As the "serials" with the main body of paratroops began to arrive over their drop zones shortly after midnight local time, additional problems cropped up. Many pilots who were on course could not find their drop zones, because the pathfinder lights and radio beacons were not turned on. Confused, they began to circle, delaying their drops or dropping off-target. Due to the fog, many began to rely heavily on the "Eureka" transponders to locate their drop zones. Off-course pilots assumed that the closest beacon was their beacon, which may or may not have been the case. Again, some paratroops hesitated (some even jumped too early!) and drops were made miles off-course and some planes dropped too high or too low (causing more off-target drops). Worse, many of the large vehicles and artillery pieces carried by the planes had drag parachutes to slow their speed as they came off the aircraft. As these chutes caught the wind, the aircraft would be thrown off-course -- worsening the drop problems. Shifting centers of gravity aboard the aircraft also threw many planes off-course as they made their drops, as pilots struggled to control their planes.

Paratroops of the 101st Airborne Division ("Screaming Eagles") were the first to jump. Their drops occurred between 12:48 and 1:40 a.m. on June 6. Just under 7,000 troops were dropped over Drop Zones A and C. Most came down on the wrong drop zone, while the remainder landed too near the beach. The 502nd Regiment lost all its artillery and lost all but one of their howitzers. Nonetheless, the 502nd managed to achieve its objectives and seized its assigned bridges and roads. The 506th Regiment (the "Band of Brothers") was dropped all over the place instead of on top of Drop Zone C. The fog and heavy antiaircraft fire dispersed many planes. Oddly, this drove some planes back on target, and about a third of the regiment landed on Drop Zone C's original target. Another third dropped into swampy marshland; by the time it reached its objective, the objective had been captured by the Americans already. The remaining third dropped to the west, and engaged in a bitter six-hour fight with the Germans before troops from the beaches reached and relieved it. The 501st Regiment was driven off-course, but fortunately landed on Drop Zone D accurately. Sadly, most of its officers were killed by German troops as they floated down to land. Junior officers took over, and achieved about half the regiment's objectives (stiff German resistance blocked them from achieve the rest).

The 6,500 paratroops of the 82nd Airborne began their drop at 1:51 a.m. The 505th Regiment dropped over Drop Zone O very accurately, and achieved its mission objectives. During the initial drop, German soldiers killed nearly all the soldiers and officers. Paratrooper John Steele's parachute caught on the spire of the town church. He feigned death, and watched as his comrades were killed below. (A memorial to him hangs from the church steeple today.) Miraculously, the Germans went back to bed, convinced the battle was over. About 5:00 a.m., the rest of the 505th seized the town without a shot. But only 25 percent of the 508th Regiment hit their drop zone. Half of them landed east of the River Merderet. Unable to cross the river and reach the Douve (three miles west), they were useless. One small battalion secured a hill and managed to disrupt German artillery fire for three days. The 507th Regiment landed in the swampy marshland. Many of them drowned and others were unable to assemble to accomplish their mission.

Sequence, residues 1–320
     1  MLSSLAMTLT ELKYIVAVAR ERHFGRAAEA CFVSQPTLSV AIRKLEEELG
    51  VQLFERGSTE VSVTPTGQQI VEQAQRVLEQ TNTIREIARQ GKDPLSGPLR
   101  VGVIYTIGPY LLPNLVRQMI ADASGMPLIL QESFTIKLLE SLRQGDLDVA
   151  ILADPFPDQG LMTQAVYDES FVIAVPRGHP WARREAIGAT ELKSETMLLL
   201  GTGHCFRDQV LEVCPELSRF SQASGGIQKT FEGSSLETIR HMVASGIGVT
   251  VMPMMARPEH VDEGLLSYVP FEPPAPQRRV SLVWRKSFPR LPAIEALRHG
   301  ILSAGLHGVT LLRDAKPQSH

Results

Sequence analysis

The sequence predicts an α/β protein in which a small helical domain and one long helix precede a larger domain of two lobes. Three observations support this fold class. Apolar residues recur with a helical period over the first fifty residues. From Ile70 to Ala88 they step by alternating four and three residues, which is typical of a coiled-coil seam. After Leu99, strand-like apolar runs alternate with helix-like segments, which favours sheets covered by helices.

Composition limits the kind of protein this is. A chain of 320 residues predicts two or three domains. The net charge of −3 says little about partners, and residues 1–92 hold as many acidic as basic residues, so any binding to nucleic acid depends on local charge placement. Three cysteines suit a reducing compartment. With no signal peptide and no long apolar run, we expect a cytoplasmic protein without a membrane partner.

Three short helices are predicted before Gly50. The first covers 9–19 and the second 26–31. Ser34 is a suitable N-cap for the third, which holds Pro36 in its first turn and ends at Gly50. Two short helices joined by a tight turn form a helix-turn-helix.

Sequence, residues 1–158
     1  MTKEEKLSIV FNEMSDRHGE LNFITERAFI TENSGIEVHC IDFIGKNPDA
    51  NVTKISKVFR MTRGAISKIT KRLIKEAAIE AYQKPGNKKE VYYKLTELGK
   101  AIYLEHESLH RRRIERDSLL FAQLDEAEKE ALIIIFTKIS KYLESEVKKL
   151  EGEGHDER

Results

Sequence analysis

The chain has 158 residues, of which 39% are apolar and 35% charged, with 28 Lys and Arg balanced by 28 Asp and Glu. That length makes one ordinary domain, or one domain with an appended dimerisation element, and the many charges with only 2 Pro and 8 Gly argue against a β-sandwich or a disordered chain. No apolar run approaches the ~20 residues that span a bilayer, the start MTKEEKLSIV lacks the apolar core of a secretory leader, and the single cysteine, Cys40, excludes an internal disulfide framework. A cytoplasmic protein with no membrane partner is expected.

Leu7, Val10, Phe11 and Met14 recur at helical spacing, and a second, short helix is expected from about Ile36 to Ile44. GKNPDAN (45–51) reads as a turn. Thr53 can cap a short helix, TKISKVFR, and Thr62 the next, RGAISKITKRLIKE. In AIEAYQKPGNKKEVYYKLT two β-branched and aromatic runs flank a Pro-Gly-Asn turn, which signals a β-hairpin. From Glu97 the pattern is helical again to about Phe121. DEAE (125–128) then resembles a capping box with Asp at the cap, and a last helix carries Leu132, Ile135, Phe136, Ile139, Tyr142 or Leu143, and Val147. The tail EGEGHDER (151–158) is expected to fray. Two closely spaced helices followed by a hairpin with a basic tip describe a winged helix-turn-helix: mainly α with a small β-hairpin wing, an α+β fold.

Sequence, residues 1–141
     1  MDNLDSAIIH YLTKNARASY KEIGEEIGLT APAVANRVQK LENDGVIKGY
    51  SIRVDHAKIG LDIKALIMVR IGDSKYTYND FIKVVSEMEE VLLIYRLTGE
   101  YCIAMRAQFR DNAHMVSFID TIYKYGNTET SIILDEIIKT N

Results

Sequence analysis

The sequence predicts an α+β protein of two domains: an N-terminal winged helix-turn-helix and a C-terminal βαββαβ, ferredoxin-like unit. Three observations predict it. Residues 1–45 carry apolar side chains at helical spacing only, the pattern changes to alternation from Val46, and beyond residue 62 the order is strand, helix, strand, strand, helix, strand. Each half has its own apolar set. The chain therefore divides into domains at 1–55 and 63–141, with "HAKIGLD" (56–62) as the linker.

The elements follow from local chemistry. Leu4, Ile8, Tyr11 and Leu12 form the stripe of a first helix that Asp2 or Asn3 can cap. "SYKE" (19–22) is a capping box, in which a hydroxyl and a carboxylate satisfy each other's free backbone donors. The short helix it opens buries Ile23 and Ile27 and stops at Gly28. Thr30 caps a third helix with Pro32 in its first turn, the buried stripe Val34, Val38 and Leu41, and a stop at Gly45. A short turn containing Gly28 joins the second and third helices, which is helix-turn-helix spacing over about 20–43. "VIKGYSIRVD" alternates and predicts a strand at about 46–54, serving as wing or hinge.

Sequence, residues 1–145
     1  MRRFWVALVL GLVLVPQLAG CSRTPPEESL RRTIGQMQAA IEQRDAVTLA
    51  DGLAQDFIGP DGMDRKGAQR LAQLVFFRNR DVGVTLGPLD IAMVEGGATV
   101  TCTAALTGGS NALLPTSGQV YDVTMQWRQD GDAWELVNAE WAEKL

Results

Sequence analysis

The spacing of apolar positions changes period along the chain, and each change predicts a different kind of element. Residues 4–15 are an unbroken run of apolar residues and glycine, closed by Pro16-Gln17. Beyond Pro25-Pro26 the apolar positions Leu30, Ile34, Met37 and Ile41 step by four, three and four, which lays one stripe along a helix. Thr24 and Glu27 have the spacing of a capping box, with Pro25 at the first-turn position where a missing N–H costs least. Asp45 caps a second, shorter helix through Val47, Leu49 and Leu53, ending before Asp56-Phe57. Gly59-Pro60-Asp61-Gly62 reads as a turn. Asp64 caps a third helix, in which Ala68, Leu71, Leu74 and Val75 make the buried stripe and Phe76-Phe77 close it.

The 8,500 paratroops of the 6th Airborne began jumping two minutes after the 101st Airborne, at 12:50 a.m. The 5th Parachute Brigade, 8th Battalion, landed squarely on Drop Zone K and quickly secured its mission objectives. The rest of the 5th Parachute Brigade dropped accurately on Drop Zone N, but about a third of its strength missed the drop area. Nonetheless, it managed to secure the bridges over the Caen Canal -- including the famous "Pegasus Bridge." The 3rd Parachute Brigade dropped on Drop Zone V, but due to the lack of lighting and beacons was moderately scattered. Unfortunately, most of their equipment was lost, leaving them with only a single machine-gun and a small number of Bangalore torpedoes with which to assault the Merville artillery battery. It successfully assaulted the battery at 4:30 a.m., but was unable to destroy the guns. The gliders of 5th Parachute Brigade landed accurately on Drop Zone X, but a number of the gliders came in too fast and the men were either killed or severely injured. Nonetheless, after brief firefight, they secured the bridges over the Caen Canal. Additional gliders landed (albeit with no crashes or deaths) at Drop Zone Y and assisted with the seizure of the Caen bridges.

By the time most of these airborne troops had completed their tasks, it was 6:30 a.m.

And that's when the first troops hit the beach at Normandy.